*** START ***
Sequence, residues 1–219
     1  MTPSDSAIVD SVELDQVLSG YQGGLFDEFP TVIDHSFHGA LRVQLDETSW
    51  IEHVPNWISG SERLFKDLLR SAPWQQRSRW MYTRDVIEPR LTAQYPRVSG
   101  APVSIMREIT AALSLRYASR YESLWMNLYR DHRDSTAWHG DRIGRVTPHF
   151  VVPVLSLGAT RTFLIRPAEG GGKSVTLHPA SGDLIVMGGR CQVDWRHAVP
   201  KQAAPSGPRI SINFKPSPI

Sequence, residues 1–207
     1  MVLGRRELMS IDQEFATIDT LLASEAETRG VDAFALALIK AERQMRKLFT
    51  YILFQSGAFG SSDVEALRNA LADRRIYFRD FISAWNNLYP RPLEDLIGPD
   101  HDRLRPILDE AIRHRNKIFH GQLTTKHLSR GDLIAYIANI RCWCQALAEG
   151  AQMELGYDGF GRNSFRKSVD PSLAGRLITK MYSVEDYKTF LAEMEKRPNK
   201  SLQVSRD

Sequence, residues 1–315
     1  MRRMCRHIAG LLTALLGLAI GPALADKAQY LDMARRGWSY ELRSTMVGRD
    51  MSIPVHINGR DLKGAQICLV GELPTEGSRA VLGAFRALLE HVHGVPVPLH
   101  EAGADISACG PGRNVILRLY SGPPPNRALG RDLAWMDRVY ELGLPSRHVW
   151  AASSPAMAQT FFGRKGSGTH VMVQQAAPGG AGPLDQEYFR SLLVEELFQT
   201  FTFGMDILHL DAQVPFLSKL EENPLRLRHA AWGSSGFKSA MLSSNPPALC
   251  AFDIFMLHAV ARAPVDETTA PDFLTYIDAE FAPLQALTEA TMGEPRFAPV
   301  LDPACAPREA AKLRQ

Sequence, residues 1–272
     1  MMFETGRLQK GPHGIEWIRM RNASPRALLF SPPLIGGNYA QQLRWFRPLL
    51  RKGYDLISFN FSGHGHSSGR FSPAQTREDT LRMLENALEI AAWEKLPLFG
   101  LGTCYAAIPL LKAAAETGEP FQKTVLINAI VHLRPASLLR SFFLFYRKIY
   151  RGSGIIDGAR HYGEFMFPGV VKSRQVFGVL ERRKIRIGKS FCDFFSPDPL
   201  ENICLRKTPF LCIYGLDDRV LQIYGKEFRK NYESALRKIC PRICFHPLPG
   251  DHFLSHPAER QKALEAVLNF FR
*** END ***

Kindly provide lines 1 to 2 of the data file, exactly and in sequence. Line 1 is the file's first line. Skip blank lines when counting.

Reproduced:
Sequence, residues 1–219
     1  MTPSDSAIVD SVELDQVLSG YQGGLFDEFP TVIDHSFHGA LRVQLDETSW